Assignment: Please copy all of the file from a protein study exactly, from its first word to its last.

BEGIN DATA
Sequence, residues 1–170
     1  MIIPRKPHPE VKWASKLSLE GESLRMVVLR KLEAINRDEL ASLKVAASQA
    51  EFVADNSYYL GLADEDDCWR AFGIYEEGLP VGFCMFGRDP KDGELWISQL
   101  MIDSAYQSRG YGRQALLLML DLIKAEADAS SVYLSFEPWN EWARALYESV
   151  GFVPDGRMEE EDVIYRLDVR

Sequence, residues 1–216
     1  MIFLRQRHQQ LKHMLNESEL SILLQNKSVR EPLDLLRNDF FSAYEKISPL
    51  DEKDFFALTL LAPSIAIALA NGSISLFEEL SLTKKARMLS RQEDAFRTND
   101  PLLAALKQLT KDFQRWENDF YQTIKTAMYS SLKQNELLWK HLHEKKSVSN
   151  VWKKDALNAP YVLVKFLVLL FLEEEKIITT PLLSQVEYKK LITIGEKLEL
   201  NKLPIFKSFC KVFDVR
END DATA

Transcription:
Sequence, residues 1–170
     1  MIIPRKPHPE VKWASKLSLE GESLRMVVLR KLEAINRDEL ASLKVAASQA
    51  EFVADNSYYL GLADEDDCWR AFGIYEEGLP VGFCMFGRDP KDGELWISQL
   101  MIDSAYQSRG YGRQALLLML DLIKAEADAS SVYLSFEPWN EWARALYESV
   151  GFVPDGRMEE EDVIYRLDVR

Sequence, residues 1–216
     1  MIFLRQRHQQ LKHMLNESEL SILLQNKSVR EPLDLLRNDF FSAYEKISPL
    51  DEKDFFALTL LAPSIAIALA NGSISLFEEL SLTKKARMLS RQEDAFRTND
   101  PLLAALKQLT KDFQRWENDF YQTIKTAMYS SLKQNELLWK HLHEKKSVSN
   151  VWKKDALNAP YVLVKFLVLL FLEEEKIITT PLLSQVEYKK LITIGEKLEL
   201  NKLPIFKSFC KVFDVR